. reliable and stable partners 2. 4.FDI vs.
. styling and distribution while delocalising the entire production process to sub-contractors. eventually. with foreign SMEs focusing on marketing.Beyond the standard productive partnerships/1
• Traditionally. realize part of the production process and then reexport the semi-finished product to the foreign firm that would realize the final stages of production and packaging. more advanced partnerships are now increasingly taking place. An evolution that helps SEE local firms in developing their capabilities of managing a complete production process and thus. However. the subcontractor would receive from its foreign client a semi-processed product or the processed raw material (cut textiles). to start producing their own products with their own brands.
.e. the number of wholesalers able to evolve in such direction were not many form the start. i. and many of them have already done this sort of “jump”. labeled or not. the smallest and the less reactive. another and more sophisticated type of partnership might be possible: a partnership with a foreign garments wholesaler that has decided to evolve by producing its own products. recurring to subcontracting. This leaves a small number of companies. without however engaging in the effective production process. However.Beyond the standard productive partnerships/2
• Following this trend.
In this context a viable. In this kind of market a buyer for a large distribution company individuates a product that might be particularly suitable for the large distribution company and asks a panel of pre-selected production companies to realize a sample.Beyond the standard productive partnerships/3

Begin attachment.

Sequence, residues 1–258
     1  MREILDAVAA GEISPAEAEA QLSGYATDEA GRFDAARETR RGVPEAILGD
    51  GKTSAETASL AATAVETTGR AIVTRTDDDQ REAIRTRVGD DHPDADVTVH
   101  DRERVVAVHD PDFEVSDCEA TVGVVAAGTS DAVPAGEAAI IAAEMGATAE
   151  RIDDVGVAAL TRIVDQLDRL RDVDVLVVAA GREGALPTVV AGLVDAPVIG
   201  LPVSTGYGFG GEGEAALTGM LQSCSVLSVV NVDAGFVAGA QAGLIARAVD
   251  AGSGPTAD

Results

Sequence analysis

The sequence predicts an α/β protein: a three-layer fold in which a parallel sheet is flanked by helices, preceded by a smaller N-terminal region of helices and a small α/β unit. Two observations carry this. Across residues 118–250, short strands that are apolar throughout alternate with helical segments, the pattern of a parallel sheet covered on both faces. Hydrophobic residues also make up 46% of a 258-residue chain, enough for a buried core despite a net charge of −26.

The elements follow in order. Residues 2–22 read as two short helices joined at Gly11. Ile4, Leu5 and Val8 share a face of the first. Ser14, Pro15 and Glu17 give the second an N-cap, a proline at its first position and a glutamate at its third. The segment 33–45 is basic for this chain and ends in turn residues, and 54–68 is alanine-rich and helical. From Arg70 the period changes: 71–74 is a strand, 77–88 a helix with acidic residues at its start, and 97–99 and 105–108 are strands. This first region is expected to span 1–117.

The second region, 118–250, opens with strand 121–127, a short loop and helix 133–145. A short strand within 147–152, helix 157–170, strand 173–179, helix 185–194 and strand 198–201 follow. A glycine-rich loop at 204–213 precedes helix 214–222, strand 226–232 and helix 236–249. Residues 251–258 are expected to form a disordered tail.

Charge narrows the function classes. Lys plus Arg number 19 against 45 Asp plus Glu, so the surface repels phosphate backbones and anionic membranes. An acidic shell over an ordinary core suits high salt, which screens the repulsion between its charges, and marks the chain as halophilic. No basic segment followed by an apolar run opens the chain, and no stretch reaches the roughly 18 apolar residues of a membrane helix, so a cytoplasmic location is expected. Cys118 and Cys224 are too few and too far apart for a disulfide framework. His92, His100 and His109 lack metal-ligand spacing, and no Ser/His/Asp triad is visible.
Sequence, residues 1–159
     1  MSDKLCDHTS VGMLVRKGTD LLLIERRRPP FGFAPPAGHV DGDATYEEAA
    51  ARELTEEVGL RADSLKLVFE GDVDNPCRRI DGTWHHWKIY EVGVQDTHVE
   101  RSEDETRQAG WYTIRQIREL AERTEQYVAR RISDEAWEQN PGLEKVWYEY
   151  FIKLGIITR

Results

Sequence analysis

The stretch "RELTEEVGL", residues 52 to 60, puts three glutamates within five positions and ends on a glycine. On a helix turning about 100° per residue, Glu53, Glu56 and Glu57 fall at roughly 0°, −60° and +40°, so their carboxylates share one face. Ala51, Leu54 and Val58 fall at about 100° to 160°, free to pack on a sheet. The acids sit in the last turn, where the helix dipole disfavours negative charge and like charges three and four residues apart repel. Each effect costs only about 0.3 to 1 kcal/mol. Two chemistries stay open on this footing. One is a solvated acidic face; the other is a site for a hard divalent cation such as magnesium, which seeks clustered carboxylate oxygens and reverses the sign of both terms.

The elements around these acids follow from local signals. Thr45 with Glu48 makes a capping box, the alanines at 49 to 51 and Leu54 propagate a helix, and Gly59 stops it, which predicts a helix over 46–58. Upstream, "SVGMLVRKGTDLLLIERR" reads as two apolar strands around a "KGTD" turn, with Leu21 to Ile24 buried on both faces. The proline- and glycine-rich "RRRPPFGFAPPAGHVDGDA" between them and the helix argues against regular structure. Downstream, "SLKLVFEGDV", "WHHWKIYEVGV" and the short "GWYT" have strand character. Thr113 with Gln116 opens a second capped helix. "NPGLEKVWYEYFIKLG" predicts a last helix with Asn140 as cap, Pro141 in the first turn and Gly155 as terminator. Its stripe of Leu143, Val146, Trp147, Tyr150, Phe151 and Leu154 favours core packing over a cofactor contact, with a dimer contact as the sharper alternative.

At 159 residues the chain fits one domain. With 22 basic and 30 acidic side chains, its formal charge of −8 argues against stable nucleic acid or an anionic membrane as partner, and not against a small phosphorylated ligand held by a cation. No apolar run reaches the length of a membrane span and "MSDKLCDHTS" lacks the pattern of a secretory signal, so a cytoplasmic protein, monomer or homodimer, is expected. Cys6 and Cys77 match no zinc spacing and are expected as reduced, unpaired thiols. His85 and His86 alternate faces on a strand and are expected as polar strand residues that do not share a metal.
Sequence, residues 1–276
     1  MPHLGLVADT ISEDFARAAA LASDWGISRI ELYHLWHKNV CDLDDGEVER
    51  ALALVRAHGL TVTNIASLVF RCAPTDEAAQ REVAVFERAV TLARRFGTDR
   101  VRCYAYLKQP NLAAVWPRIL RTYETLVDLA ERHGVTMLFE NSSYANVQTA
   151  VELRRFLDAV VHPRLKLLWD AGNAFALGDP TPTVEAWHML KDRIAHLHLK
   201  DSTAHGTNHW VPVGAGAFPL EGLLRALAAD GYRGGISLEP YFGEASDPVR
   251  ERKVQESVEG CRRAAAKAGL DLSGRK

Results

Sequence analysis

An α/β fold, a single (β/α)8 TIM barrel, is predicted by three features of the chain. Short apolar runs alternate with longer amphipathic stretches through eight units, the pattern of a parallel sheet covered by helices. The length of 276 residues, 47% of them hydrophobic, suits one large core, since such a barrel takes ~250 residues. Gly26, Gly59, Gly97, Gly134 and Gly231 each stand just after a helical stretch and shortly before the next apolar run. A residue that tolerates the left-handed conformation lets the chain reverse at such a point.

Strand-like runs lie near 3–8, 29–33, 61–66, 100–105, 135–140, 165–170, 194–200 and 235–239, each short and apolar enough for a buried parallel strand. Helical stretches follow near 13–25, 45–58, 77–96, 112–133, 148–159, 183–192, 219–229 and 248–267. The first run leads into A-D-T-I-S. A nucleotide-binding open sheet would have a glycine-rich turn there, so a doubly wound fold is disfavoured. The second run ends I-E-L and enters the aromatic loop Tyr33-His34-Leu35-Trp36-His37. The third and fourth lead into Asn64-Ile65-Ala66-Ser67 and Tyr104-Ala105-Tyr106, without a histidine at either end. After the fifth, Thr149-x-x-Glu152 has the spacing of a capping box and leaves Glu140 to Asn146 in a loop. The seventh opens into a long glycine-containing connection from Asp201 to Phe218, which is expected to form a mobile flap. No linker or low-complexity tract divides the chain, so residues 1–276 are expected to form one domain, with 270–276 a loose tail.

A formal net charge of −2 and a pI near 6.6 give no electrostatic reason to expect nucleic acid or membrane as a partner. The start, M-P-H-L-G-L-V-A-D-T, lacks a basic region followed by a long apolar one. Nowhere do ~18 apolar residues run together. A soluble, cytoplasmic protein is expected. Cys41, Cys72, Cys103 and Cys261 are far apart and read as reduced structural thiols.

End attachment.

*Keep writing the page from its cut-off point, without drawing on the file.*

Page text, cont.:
• Finally. but feeble.
. that however might still be out of reach for most of SEE firms: the large distribution company. The company that produces the best sample will be selected to produce that particular product for that particular client. there is a last type of partner. option could be of entering the so called “sample and countersample” market.
but it might represent an option in the future.Beyond the standard productive partnerships/4
• At the moment this approach might still be too sophisticated for most SEE garments firms.
. In this market China represents the obvious and immediate competitor. but. SEE countries will have on their side a fundamental element: geographical proximity. Large distribution companies. but for producers that can ensure a continuous flow of small quantities of different products. once capabilities will have been developed. when they will have further evolved by acquiring the capability of developing their own models and of interpreting and re-inventing models of other companies. in fact. are looking mainly not for large producers.
spaventa@leonardobc. Spirito 3.Contact details
Alessandro Spaventa Head of the Research Unit .com Tel.Leonardo Business Consulting a. 00186 Rome Italy
. +39 06 68891578 – fax +39 06 68891146 Via del Banco di S.